New Strategic Plan for Diversity, Equity, and Inclusion Provides Roadmap to a More Inclusive Georgia Tech
Georgia Tech recently launched its first Strategic Plan for Diversity, Equity, and Inclusion that outlines the steps the Institute will take to position itself as a leader in inclusive excellence.
It will serve as a framework that guides Institute, college, and unit leadership in the work needed to become a more equitable and inclusive campus community for all students, faculty, and staff.
The plan is the culmination of a two-year effort carried out by the Georgia Tech Diversity, Equity, and Inclusion Council. Comprised of executive and senior leaders, the council is charged with monitoring the progress of diversity, equity, and inclusion on campus and is co-chaired by Archie W. Ervin, vice president for Institute Diversity, Equity, and Inclusion, and Pearl Alexander, executive director of Staff Diversity, Inclusion, and Engagement. Through a collaborative effort, the council developed a plan that outlines five areas of impact, three goals, and 22 strategies that Georgia Tech will use to create a more inclusive campus community.
“Forty percent of the 2030 Institute strategic plan outcomes center on diversity, equity, and inclusion,” Ervin said. “With such an emphasis on DEI efforts, creating a roadmap to guide our efforts is instrumental for success, and our success depends on the support and engagement of the entire Georgia Tech community.”
The DEI plan identifies 22 strategic actions, categorized into three areas of impact:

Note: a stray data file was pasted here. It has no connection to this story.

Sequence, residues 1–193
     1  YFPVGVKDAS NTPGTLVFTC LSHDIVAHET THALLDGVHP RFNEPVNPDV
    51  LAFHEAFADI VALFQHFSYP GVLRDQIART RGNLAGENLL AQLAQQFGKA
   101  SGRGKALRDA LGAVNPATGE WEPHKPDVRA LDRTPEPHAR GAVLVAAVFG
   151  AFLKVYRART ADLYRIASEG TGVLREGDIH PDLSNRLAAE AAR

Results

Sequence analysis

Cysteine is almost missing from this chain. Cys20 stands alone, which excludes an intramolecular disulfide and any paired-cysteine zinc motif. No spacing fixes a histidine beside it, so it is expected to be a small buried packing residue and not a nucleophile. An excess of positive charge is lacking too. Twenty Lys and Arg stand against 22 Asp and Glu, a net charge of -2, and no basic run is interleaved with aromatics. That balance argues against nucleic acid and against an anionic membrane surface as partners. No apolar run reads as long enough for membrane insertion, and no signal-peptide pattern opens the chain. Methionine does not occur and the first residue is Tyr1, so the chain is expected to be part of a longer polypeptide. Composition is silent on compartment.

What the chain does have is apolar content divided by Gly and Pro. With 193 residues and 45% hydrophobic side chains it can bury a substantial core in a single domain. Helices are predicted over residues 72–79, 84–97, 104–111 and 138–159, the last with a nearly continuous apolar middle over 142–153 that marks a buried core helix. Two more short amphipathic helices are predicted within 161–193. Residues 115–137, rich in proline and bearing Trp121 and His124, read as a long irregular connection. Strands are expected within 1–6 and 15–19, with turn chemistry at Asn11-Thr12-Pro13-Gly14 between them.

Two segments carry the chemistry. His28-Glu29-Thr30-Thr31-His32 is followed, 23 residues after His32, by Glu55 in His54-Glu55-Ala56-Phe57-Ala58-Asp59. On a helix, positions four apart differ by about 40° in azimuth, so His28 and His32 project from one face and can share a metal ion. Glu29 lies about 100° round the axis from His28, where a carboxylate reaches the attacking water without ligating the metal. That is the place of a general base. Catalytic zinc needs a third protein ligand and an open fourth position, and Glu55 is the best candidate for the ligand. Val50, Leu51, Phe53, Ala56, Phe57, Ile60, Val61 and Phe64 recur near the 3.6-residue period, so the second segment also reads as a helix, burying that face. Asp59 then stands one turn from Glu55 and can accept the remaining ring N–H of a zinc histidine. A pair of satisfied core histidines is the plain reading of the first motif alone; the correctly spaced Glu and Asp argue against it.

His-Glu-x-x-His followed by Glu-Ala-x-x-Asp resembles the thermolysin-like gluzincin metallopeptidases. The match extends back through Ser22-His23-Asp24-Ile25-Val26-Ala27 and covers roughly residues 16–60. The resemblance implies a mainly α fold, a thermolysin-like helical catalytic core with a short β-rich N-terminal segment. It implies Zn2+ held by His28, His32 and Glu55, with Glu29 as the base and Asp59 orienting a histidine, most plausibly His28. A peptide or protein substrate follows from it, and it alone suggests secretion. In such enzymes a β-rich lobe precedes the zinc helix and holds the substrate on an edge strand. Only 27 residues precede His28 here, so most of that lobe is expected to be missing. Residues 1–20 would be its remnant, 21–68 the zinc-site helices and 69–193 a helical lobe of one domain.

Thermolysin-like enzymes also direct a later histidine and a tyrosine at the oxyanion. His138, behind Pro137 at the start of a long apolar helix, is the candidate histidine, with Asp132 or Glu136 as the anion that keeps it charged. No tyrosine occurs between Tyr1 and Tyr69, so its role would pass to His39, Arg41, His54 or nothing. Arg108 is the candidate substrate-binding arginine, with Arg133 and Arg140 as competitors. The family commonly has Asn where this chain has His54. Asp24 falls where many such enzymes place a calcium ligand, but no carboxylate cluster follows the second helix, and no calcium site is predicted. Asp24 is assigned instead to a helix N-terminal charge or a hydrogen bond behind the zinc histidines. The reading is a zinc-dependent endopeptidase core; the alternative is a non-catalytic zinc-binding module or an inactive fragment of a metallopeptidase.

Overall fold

- Creating a more equitable and inclusive community.
- Recruiting, retaining, and developing a diverse community of students, faculty, and staff.
- Supporting innovative and inclusive scholarship and teaching.
As part of the planning process, the council was able to revisit the definitions of diversity, equity, and inclusion previously held by the Institute, and updated them to reflect current understandings. The council also created new definitions for Georgia Tech’s principles of community, highlighting a commitment to inclusive teaching, leadership, scholarship and research, innovation, and entrepreneurship.
“We are excited and grateful to share this plan, where each and every one of us has a role in making Georgia Tech a place where everyone can thrive, no matter who you are or where you come from,” Alexander said. “Ubuntu, a term that comes to mind as we unveil this plan, reminds us all that our actions affect each other and society. We’ll be better and go farther together as we write this next chapter of who we will be.”
"We look forward to engaging the communities at Georgia Tech in the coming months to have courageous conversations that will help define the role we all play in making Tech a more inclusive and welcoming community for all," Ervin said.
To view the plan in full, visit diversity.gatech.edu/deiplan.